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How to create your own small talk

Last updated: 31 January 2023

While your platform comes loaded with an optional small talk module, you might want to create your own. In this tutorial, we look at the steps to create your own small talk engine.

Step 0: Why create your own small talk?

Before diving anything further, lets explore why some companies prefer to create their own small talk modules.

The platform comes loaded with a small talk module (KnowledgeSmall talk): some 95 utterances, or groups of sentences, your chatbot can recognise and answer to.

In this list of 95 small talk utterances, you will find things like:

  • Hold on; pre-built chatbot responses to messages like ‘wait’, ‘stop’, or ‘hold on’.

  • Birth date; pre-built chatbot responses to messages like ‘how old are you’, ‘when were you born’, and ‘when is your birthday’.

  • Hobby; pre-built chatbot responses to messages like ‘what do you do for fun’, ‘do you have any hobbies’, and ‘what are your hobbies’.

And many more.

As you can tell, while ‘small talk’ is usually used for simple things like hello, how are you, and good bye, your chatbot comes loaded with many more intricate answers.

Some of our customers simply don’t want any of those. They might interfere with their FAQs. Or they might simply be too many to programme answers to.

Instead, they create their own small talk.

Step 1: Pick a few small talk intents

Before you start implementing, decide which small talk intents your chatbot should be able to answer.

A good starting point is the following:

  • Hello

  • Goodbye

  • Thank you

  • How are you

  • What do you do

These five small talk intents should cover most of what you need.

Step 2: Create an FAQ per intent

To create our small talk, we’ll head to KnowledgeFAQs.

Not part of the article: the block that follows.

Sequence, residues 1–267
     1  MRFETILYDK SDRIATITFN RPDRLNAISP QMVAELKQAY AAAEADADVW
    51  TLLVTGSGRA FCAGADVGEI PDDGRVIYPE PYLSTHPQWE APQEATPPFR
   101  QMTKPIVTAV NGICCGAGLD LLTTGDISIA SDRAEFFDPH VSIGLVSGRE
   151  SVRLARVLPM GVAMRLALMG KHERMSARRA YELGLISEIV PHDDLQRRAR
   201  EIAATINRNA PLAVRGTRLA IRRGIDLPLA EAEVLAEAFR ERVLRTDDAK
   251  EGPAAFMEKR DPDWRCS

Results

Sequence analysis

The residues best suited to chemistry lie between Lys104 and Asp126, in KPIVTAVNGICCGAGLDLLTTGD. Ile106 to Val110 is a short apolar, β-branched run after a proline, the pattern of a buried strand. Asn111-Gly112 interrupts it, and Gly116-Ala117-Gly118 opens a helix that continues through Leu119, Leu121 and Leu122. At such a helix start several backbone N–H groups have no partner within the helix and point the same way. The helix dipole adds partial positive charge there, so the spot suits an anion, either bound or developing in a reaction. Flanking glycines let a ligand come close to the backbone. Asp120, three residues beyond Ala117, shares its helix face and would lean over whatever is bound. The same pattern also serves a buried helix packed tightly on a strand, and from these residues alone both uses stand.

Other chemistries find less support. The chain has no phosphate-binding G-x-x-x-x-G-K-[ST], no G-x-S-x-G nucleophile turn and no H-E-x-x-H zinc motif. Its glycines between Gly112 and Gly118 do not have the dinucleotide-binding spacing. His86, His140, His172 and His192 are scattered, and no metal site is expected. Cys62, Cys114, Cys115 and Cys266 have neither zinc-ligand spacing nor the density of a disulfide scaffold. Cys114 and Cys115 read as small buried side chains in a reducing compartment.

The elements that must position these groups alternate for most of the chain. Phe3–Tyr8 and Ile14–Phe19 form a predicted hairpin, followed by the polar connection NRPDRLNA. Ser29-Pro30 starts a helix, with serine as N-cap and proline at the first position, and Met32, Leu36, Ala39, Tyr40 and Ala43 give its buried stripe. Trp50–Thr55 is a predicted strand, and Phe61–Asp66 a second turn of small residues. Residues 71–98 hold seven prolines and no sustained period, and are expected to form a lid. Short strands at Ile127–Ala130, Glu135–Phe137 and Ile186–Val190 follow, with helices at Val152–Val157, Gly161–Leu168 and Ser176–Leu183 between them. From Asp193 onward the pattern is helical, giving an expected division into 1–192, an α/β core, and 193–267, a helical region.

We’ll create one FAQ per intent; essentially using our NLP to power our new small talk intent.

Click + FAQ in the top right.

Give your small talk a name (Hello) and a tag. We recommend setting us a Small talk tag, so you can group your small talk FAQs easily.

Finally, set up your questions. To help you out, here’s what you could add to each of the five intents listed above:


  • Hi

  • Hello

  • Hi there


  • Bye

  • Good bye

  • Goodbye

Thank you

  • Thanks

  • Thank you

  • Thanks a lot

How are you

  • How are you

  • What’s up

  • How is it going

What do you do

  • What can you do

  • What do you do

  • How can you help

Step 3: Create your answers

Each ‘small talk FAQ’ has it own answer. You can use the full power of the platform for these answers by:

  1. Creating multiple responses per ‘small talk FAQ’, so the chatbot doesn’t always respond the same thing when someone says ‘hello’. Learn how.

  2. Use message types to create a more engaging interaction, for example using images or buttons. Learn more.

Step 4: Train your ‘small talk FAQs’

You’ve now created your own small talk module using FAQs. This means you are also able to train these FAQs; something you can’t do with the default small talk module!

Head over to KnowledgeTraining.

Find messages from users that would match your ‘small talk FAQs’ and train them like you would any other FAQ (Don’t know how? Here’s a doc!).

Best practices

  1. Limit your small talk intents to a select few. It’s better to keep small talk to a minimum.

  2. Small talk is not actionable. A chatbot that says ‘hi’ when someone says ‘hi’ is fine, but it doesn’t move the conversational needle. Use every small talk opportunity to educate the user on what the chatbot can do. For example, ‘Hi, good to meet you. I’m here to help you find a property. [Button: Start a search]'.

  3. If you train utterances to small talk, make sure to remove the fluff. For example, if a user says ‘Hello can you help me find your office’, the only small talk part of that sentence is Hello. Make sure you don’t train entire sentences with different intents to small talk to avoid confusion.

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